Andrew Lansley sets out his ambitions for the NHS

07 June 2010
In his first speech since taking up the post, the Health Secretary, Andrew Lansley, said he would put his heart and soul into the improvement of health outcomes by making patients the driving force of improvements to the NHS. Not just as beneficiaries of care but as participants, with shared decision-making.

As part of his broader plans to align payments with the quality of patient care, the Health Secretary said that hospitals should be responsible for reducing the number of emergency readmissions following treatment, and support treatment at home, as part of a single payment. Making hospitals responsible for a patient’s ongoing care after discharge will create more joined-up working between hospitals and community services. This will improve quality and performance and shift the focus to the outcome for the patient, rather than the volume of activity paid to the hospital.

Speaking to an audience of patients, carers and staff at an event at the Bromley by Bow Centre in London, hosted by the Patients Association and National Voices, the Health Secretary challenged the NHS to:

make a cultural shift. From a culture responsive mainly to orders from the top-down, to one responsive to patients, in which patient safety is put first.
devolve power through the unleashing of meaningful information to patients. Comparative data about standards and patient experience will drive up standards, as the data will influence patient choice. A transparent NHS is a safer NHS.
engage people in their care so that, “no decision is made about me, without me”, and give patients the opportunity to provide feedback in real time, reflecting the experience of their care.
embrace leadership by setting NHS professionals free from a target-centred and bureaucratic system that compromises patient care, to one focussed on the quality, innovation, productivity and safety required to improve patient outcomes.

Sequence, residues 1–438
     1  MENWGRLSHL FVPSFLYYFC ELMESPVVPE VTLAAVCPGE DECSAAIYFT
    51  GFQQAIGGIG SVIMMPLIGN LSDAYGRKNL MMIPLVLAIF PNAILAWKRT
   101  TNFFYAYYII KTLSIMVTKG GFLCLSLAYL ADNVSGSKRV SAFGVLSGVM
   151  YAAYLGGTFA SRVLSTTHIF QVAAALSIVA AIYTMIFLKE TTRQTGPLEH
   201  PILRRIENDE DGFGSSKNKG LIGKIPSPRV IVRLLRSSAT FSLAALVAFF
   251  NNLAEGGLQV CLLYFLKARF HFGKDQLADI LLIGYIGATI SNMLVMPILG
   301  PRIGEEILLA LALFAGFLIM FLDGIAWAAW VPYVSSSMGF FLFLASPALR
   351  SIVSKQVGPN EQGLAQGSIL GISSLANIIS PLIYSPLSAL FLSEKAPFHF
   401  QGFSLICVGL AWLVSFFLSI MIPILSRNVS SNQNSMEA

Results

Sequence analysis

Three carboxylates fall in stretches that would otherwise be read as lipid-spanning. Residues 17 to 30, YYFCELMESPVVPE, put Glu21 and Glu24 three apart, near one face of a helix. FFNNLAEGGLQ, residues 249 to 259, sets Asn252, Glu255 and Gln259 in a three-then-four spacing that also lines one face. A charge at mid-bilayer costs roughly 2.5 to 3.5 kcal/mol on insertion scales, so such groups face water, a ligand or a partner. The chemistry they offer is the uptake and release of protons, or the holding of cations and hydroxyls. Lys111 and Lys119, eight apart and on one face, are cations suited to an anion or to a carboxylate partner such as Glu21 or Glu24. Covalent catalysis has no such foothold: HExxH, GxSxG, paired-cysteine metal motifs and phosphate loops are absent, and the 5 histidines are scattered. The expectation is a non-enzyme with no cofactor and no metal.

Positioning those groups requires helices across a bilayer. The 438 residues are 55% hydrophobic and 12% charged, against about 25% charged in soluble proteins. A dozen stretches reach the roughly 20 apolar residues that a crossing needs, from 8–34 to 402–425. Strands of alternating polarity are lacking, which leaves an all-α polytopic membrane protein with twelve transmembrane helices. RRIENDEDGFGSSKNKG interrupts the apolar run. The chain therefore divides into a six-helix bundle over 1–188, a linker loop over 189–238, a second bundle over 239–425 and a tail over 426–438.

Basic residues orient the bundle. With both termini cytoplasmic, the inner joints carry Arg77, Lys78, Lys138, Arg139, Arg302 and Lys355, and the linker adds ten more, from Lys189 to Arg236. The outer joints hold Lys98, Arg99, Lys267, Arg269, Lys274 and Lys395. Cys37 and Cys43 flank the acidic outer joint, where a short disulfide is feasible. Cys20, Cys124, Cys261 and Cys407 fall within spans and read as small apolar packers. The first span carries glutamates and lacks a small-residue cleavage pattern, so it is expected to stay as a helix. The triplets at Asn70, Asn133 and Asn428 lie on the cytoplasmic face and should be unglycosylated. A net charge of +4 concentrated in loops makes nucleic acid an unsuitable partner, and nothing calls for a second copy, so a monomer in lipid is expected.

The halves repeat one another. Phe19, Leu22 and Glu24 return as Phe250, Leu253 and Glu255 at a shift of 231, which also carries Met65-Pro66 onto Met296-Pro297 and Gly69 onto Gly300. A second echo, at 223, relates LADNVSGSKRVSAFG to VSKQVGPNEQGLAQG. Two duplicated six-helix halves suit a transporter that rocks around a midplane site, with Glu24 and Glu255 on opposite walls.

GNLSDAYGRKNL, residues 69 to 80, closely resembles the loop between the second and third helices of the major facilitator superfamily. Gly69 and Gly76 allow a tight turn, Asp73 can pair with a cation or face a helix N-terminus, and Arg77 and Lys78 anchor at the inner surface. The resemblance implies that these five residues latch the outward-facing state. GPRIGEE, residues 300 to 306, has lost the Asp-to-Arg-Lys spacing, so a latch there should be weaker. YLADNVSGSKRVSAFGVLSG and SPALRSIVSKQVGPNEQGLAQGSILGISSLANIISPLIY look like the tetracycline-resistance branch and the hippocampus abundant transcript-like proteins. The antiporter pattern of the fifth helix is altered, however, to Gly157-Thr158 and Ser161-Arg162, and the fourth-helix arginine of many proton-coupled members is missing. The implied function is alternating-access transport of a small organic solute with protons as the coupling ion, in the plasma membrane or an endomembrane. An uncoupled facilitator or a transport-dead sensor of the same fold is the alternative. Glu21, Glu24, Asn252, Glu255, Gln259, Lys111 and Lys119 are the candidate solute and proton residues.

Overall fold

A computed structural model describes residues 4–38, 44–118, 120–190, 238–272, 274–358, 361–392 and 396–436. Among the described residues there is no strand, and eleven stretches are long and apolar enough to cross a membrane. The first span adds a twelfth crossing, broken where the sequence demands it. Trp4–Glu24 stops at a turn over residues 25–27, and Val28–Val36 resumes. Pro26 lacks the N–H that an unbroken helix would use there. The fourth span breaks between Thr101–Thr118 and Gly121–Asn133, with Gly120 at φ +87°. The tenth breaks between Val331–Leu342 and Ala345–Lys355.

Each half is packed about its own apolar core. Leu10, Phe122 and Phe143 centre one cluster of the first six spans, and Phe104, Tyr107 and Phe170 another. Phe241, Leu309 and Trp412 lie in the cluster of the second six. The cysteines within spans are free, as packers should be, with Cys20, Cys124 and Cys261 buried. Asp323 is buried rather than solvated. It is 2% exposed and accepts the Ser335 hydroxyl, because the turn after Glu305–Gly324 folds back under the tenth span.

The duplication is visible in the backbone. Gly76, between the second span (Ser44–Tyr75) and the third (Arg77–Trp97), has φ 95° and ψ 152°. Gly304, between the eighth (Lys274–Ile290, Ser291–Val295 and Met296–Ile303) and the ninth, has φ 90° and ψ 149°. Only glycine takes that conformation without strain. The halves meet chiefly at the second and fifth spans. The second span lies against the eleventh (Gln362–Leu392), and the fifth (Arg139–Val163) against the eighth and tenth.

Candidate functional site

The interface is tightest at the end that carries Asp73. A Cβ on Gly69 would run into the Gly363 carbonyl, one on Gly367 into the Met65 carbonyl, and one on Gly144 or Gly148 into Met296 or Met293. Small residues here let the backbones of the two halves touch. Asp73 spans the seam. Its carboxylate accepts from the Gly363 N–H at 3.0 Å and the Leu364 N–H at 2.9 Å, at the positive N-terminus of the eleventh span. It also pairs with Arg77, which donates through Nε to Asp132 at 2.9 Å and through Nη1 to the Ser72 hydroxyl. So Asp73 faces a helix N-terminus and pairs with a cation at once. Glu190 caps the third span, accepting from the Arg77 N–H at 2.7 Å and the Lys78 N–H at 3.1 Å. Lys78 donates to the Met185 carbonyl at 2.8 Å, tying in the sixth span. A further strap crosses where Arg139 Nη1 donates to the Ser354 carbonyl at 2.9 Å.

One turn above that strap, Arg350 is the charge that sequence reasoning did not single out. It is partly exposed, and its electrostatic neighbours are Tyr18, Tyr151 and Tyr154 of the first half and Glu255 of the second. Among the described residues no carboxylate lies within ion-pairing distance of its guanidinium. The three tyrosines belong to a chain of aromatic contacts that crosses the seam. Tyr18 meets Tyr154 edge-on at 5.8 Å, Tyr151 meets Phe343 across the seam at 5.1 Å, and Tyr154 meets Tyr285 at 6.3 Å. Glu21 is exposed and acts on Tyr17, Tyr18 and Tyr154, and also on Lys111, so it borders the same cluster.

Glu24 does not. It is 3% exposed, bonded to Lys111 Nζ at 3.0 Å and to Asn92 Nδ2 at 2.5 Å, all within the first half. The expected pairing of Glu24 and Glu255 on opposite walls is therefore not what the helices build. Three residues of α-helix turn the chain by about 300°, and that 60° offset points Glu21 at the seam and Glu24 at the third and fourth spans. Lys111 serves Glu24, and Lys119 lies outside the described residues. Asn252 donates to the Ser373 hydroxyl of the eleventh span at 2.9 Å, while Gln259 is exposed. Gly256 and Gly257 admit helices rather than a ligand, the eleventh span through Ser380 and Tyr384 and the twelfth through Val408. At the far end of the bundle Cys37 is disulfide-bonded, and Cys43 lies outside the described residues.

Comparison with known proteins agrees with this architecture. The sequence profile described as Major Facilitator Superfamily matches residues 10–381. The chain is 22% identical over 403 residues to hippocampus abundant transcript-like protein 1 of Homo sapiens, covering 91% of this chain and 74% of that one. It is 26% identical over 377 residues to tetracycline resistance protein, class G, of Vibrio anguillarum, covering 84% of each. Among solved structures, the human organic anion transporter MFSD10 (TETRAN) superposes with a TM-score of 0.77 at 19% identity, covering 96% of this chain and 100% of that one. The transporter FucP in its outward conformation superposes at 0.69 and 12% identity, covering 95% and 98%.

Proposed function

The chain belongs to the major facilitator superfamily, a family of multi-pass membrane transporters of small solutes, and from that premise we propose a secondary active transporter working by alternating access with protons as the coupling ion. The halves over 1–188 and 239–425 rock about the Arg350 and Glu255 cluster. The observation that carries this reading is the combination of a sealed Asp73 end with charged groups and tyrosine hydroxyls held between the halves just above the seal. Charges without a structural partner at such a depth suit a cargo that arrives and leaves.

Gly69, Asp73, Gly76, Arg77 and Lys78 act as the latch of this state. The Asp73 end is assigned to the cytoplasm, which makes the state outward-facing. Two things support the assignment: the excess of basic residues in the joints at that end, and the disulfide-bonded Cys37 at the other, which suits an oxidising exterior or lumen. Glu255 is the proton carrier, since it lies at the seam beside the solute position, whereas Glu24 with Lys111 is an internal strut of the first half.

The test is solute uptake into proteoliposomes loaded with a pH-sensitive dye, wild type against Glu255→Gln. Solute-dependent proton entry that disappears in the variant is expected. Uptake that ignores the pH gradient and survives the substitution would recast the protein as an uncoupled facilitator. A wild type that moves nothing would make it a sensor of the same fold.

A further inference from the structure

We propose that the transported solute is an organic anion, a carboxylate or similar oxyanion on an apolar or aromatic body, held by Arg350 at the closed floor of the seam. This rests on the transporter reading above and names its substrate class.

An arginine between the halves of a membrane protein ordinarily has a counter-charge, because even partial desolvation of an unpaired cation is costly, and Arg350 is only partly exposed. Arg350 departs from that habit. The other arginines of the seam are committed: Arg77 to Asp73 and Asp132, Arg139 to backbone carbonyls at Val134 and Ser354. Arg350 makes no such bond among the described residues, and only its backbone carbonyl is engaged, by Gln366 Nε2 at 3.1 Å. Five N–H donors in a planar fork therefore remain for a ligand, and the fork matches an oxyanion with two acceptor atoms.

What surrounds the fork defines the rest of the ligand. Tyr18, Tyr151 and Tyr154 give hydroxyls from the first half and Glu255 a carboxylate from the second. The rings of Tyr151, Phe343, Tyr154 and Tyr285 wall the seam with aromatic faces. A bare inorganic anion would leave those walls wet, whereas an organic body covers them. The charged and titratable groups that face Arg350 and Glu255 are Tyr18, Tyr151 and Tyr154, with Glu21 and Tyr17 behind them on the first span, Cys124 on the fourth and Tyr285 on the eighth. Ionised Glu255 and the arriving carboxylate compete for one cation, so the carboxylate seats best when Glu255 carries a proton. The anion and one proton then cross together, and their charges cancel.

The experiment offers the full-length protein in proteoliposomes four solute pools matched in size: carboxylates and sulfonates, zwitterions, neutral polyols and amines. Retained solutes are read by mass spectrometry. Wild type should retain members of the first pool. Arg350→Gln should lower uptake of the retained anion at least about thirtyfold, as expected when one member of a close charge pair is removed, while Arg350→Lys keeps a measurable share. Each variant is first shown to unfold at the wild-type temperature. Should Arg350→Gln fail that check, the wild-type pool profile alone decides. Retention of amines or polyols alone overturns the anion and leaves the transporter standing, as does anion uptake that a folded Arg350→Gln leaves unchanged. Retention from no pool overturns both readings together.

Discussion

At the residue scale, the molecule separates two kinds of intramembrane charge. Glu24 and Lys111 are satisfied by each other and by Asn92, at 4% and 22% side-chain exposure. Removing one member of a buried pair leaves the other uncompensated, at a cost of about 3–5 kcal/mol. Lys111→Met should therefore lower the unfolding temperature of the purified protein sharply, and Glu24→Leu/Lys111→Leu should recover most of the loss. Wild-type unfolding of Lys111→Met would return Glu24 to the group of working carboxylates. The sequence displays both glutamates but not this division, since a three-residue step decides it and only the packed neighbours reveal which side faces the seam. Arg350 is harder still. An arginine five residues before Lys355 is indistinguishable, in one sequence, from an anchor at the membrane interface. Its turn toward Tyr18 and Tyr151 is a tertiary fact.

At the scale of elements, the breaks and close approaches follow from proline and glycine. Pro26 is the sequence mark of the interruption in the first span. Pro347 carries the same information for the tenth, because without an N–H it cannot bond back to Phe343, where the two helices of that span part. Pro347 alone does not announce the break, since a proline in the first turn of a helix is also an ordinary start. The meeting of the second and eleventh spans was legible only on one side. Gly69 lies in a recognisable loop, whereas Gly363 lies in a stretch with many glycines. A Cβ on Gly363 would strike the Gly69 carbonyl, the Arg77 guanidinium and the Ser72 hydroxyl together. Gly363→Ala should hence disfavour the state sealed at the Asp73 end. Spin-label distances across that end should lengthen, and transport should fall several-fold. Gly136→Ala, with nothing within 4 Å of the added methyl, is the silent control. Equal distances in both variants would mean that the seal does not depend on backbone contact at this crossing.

adopt a holistic approach by looking at the entire patient pathway from preventative health and well-being measures, through to hospital and community care.
align payments in the NHS to drive up the quality of care that patients receive. In the first instance, through introducing payments which encapsulate a more integrated care pathway by giving hospitals responsibility for a patient’s care for 30 days after they are discharged.
Health Secretary Andrew Lansley said:

‘My ambition is for health outcomes and health services to be as good as any in the world. The previous government’s bureaucratic approach of perpetual interference, coupled with the imposition of top-down process targets, has failed patients. It has left us lagging behind our European counterparts on outcomes that matter to patients, such as how long they will survive after a cancer diagnosis.

‘We need a cultural shift in the NHS. From a culture responsive mainly to orders from the top-down, to one responsive to patients, in which patient safety is put first. This can only be achieved if patients are put in the driving seat and are informed and engaged in the delivery of their care. That way the NHS will be focussed on what matters to patients – safe, reliable, effective care for each patient, and the best outcomes for all patients.’
09 July 2005

Extract from: 'The Future of Health and Public Service Regulation' Speech

May I begin by expressing my warm thanks to the NHS Confederation for arranging this series of speeches on the future of our public services and for inviting me to contribute? At the start of a Parliament, it is very good to take an opportunity to think about the direction and the objectives of reform and of policy, somewhat free of the partisan demands of electioneering. The NHS Confederation continues to be, under Gill’s leadership, a strong advocate of reform and of high standards of leadership and management in the NHS. I have greatly valued our discussions over the last two years and even if we cross swords occasionally, I know we have shared aims in securing the opportunity for strong leadership and quality management to deliver high standards of healthcare in our NHS.

21 May 1997

Maiden Speech in the House of Commons

Thank you very much, Mr. Deputy Speaker, for the opportunity to make my maiden speech. It is a daunting prospect, not least because I follow the exemplary and entertaining speeches of the hon. Members for Aberdeen, South (Miss Begg) and for Cumbernauld and Kilsyth (Ms McKenna).

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